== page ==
Eisenkot: Women will not serve in Golani or Paratroopers under my watch

IDF Chief of Staff says there is a limit to integrating women into army's frontline units.

February 5, 2018 13:40
2 minute read.
female soldier

Female soldier, Lotem Stapleton, a physical education officer, demonstrates a move during a training session in Krav Maga, an Israeli self-defense technique, at a military base in the Golan Heights March 1, 2017.. (photo credit: NIR ELIAS / REUTERS)

While there are more and more women being integrated into the IDF, women will not serve on the frontlines while he is the head of Israel's military, IDF Chief of Staff Gadi Eisenkot stressed Monday.

"There is integration (of women), but it needs to be to a certain extent," Eisenkot stated during a security briefing to government ministers, stressing that at the moment he doesn’t see the integration of women into infantry brigades such as Golani, Givati, Paratroopers or Nahal.

"People tried to accuse me of feminism, but I'm not a chauvinist or a feminist,” he stated, adding that the comments made by some on co-ed service come from “ignorance and agendas promoted by interest groups."

In recent months several rabbis have criticized women serving in the IDF, including Safed Chief Rabbi Shmuel Eliyahu calling for the dismissal of Eisenkot as Chief of Staff and warning that there was a “war brewing” over the issue.

Eisenkot stated that the IDF has only one agenda and that is to be strong and victorious in times of war. As such, he stated, the IDF will continue to offer combat positions to women.

According to IDF figures, 38 percent of female recruits have asked to be evaluated for combat service but despite the push for more female combat soldiers combat units remain overwhelmingly male.

An estimated 90% of the positions in the IDF are also now open to women, including combat roles in the Navy, Home Front Command, Artillery Corps and Military Police in the West Bank. Other combat posts that have been cleared for female soldiers include operating the Spike (Tammuz) missile and the hand-launched Skylark UAV.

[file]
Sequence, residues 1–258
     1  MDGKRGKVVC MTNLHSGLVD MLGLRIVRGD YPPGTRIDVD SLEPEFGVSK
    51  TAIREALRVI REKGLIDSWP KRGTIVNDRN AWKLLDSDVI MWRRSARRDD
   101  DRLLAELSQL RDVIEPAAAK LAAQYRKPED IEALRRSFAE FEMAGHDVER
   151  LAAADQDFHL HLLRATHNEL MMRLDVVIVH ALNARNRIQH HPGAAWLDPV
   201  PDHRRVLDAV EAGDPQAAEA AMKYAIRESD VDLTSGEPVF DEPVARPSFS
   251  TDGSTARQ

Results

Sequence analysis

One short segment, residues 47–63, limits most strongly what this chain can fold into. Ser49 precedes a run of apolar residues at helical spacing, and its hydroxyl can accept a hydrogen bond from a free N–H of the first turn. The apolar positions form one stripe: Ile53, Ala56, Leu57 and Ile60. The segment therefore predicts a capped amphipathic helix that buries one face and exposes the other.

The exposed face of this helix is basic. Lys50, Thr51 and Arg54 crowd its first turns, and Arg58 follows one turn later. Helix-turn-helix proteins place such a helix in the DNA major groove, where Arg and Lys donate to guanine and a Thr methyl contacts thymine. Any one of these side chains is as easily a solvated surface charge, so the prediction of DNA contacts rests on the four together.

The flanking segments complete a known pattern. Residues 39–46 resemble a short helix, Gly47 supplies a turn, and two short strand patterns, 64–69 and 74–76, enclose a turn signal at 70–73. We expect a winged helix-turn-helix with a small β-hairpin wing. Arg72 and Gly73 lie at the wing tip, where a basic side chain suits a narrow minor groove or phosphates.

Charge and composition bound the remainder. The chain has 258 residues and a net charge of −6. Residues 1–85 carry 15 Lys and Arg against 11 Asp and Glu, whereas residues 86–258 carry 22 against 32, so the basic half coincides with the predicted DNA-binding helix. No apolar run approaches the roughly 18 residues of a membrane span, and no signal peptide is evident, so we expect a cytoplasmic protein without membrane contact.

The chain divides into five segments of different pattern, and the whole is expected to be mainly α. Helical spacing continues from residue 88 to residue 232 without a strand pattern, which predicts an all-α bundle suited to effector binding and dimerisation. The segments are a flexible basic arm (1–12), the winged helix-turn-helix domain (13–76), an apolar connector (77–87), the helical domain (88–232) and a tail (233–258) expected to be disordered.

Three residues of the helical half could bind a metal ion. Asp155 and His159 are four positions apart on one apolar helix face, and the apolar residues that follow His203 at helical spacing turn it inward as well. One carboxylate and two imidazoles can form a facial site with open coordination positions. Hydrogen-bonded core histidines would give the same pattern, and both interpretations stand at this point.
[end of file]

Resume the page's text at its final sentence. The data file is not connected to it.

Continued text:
Despite that, women still account for less than 10% of combat troops. Nonetheless, there has still been an increase from 3% four years ago, when the number of female combat soldiers stood at around 500, to over 2,100 in 2015, and the army expects that number to rise to 9.5% by next year.

In December, 13 female soldiers became the first to complete combat training to become tank operators and were sent to Israel’s southern border for a trial deployment. They will serve in the recently-formed Border Defense Force in female-only tank crews and will not be part of battalions which would operate in enemy territory such as  the Armored Corps’ combat brigades

In the infantry, there has also been an increase of female combat soldiers in the co-ed Caracal and Lions of Jordan battalions assigned to guard the borders with Egypt and Jordan. In 2014, Lt.-Colonel Oshrat Bacher, a member of Caracal, became the first woman in Israel to command a combat brigade.

And as the percentage of women serving in combat roles has risen, the percentage of women in clerical positions has dropped significantly. One out of every four women in the army served in clerical roles in 1998, 21.4% in 2001, 13.4% in 2012, but only 7% in 2016, matching the percentage of women serving in combat roles.

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